Edmure has no choice, it seems, but it’s also a betrayal.
Yes. He comes and calls up to the castle, to the guy who is in charge of the drawbridge, “I am Lord Edmure. Let me in.” And I have an argument with this guy, “It’s not him who’s speaking. It’s the Kingslayer. We’re being tricked. Don’t be a fucking idiot.” And the guy stands his ground and says, “It’s my duty. I have to listen to Lord Edmure. He’s my guy. I have to do what he tells me.” And that’s how they get in. Had I confronted him, I would have had to get through lots of enemy soldiers. So everything falls down. There’s a moment where we catch each other’s eye. My soldiers lay down their arms, and there’s a phalanx of guys coming across the drawbridge, and he’s on horseback. I’m basically looking at him saying, “Well, fuck you.”
There was almost a moment where it seemed like the Blackfish might have said yes to Sansa.
He reads the letter and he goes, “She’s exactly like her mother.” That really gets him. And that’s the point where you think he’ll ride to the rescue. But he says he can’t because he has to protect Riverrun. Brienne tries to appeal to his sense of honor, his sense of family, because vulnerable members of his family need help. But even at that, he feels he can’t do it. He really has to defend his home, where he was born. He’s very conflicted, I have to say. It’s quite touching.
At least he’s able to help Brienne get out of this situation …
When Brienne is standing in front of him, clearly, he at first sees her as a double agent, which in some senses she is. But he recognizes in her a bit of himself, his younger self. There’s a touch of subtext in their farewell where he more or less says, “You’re better off without me. You can do it.” He has the chance to run with her, and he chooses not to. The assumption is that I’m trying to stop the soldiers coming through the corridor, stop them discovering her making her escape in the little boat. My concern is to get Brienne out. By the time I do, the soldiers are upon me. But I’m also refusing to run. It’s very much him dying honorably, fighting an enemy, which is what part of him felt he should have done at the Red Wedding.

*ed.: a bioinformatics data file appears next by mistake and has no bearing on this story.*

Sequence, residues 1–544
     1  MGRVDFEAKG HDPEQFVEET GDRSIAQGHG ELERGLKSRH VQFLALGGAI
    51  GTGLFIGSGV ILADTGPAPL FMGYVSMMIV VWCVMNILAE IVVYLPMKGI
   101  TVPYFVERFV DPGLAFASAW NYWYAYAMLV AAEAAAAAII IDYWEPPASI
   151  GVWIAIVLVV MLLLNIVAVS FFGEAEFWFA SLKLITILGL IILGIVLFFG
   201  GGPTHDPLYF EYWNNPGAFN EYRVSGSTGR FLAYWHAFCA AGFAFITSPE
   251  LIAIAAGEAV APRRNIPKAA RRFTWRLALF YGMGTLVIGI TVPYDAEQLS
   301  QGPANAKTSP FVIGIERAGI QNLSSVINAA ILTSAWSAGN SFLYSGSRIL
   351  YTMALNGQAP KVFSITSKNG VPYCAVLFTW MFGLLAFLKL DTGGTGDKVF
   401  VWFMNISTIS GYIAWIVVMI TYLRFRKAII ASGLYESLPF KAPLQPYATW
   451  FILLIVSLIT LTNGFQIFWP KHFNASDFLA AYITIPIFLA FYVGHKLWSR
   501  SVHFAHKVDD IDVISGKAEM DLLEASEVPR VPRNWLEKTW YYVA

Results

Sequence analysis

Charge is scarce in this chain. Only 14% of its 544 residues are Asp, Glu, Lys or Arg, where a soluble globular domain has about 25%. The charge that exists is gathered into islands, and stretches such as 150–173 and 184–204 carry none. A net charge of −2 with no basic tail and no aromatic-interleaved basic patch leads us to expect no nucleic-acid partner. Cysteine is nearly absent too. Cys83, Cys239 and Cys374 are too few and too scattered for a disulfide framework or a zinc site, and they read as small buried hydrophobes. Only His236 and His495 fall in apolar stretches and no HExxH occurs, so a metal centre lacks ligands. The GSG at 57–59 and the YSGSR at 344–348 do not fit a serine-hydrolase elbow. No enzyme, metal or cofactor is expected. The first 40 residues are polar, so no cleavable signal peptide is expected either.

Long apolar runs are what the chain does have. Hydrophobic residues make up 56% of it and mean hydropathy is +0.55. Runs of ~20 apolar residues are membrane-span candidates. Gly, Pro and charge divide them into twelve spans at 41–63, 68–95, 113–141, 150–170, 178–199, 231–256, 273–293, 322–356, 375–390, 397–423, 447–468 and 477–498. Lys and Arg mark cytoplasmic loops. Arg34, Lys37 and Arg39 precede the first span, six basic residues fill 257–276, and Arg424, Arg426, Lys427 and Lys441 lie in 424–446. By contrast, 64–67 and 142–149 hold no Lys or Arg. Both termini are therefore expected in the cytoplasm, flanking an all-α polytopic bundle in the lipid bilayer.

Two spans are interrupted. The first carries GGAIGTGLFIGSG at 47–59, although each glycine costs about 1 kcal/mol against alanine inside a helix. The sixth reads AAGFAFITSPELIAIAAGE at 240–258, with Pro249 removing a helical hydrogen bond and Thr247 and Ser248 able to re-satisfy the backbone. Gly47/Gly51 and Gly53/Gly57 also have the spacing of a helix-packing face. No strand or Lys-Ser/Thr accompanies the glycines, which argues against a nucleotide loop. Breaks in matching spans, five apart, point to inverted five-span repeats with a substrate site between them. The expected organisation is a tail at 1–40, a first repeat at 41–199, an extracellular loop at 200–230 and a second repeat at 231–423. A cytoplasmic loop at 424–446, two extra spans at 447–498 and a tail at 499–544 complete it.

How do you feel about your character’s death being off-screen?
It’s like the blinding scene in King Lear. I did a production where that scene was done offstage, and I thought it was more effective than normal efforts to have his eyes taken out. You can have so much horror, and the violence in Game of Thrones is pretty near the edge, but I think in that case, it was absolutely right. What has been set up as an impregnable castle just suddenly dissolves by treachery, and that the Blackfish should die offstage is absolutely right. Plus, I didn’t have to do four weeks of rehearsal and get badly injured to look like a swordsman! I’m perfectly happy with that, to be honest. [Laughs.] I think there’s something chilling with a simple line like “The Blackfish is dead, my lord.”
A lot of fans had theories about your character, that he was actually gay. That could explain why he never married.
I think with the Blackfish, they changed the character quite a lot. I made the mistake of looking at the blogs, because there were plenty of them, and they felt he’d been too soldierly, too aggressive. They’d been looking forward to a more avuncular sort of character. But his gayness is not flamboyant, if he is gay. That’s a perfectly valid thing to say. Who knows, though? It’s a nice possibility.
Well, if he weren’t, he and Brienne could have made a good match. You’re a little taller than her, at least. Unless you’re a Brienne-Tormund shipper?
No! [Laughs.] Actually, it was really weird, the entire time I was working with Gwendoline Christie, I felt she was taller than me. It didn’t look like it on film, though. I’m six-six, and I think she said she was six-two, six-three? A terrifically tall woman, with just a charismatic presence. I’d like to come back as a younger man, and Brienne could have a relationship with me! [Laughs.] We could redo the whole series!